Friday, May 04, 2007
The first Jersey Royal potatoes are coming into the shops. I could not resist last week, and paid £1 for one lb of them; but the price is coming down every day. My greengrocer will sell them until about mid-June; but the supermarkets will have them throughout the summer. How do they do that? Do they buy them in bulk, and store them? If so, it may explain why the greengrocer's usually have more flavour.
The behaviour of potatoes when boiled depends on the hardness and acidity of your water. Hard water helps to maintain firmness; but hard water is -- I think -- less acidic than is soft water, and acidity can maintain firmness too. What you should not do is salt the water: that does speed softening, and may compromise the firm, waxy texture that is one of the glories of a good Jersey.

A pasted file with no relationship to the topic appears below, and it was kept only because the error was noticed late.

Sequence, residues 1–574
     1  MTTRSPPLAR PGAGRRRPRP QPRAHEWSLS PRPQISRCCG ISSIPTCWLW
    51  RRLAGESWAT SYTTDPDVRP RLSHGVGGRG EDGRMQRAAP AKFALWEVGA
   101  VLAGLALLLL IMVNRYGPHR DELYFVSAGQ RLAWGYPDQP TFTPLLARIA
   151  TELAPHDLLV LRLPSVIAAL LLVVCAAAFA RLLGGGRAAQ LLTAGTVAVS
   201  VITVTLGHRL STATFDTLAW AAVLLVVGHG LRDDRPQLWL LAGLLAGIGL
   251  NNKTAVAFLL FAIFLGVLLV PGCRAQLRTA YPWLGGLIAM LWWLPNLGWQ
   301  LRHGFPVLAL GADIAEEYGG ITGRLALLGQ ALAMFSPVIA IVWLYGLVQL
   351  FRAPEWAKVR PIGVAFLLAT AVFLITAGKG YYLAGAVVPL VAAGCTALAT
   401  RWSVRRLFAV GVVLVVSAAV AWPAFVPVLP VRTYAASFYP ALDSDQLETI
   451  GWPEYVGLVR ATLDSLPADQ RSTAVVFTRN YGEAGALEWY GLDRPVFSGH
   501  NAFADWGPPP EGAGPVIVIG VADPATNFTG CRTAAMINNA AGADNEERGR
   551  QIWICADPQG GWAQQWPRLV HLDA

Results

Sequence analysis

To boil or to steam? If you have a large quantity of potatoes, boiling is easier, because a pile of them in a steaming basket will have uneven access to the heat. But steaming will retain more nutrients; and, because the steam is slightly acidic, may help to maintain firmness.
In spite of the above, I usually boil potatoes (new and maincrop), and I do it slowly. Harold McGee says that starting potatoes in cold water and raising the temperature gradually helps to reinforce their cell walls. It certainly produces the best results for me. I put them on to a low to medium heat, and maintain them at the gentlest possible simmer. The process may take 45 minutes.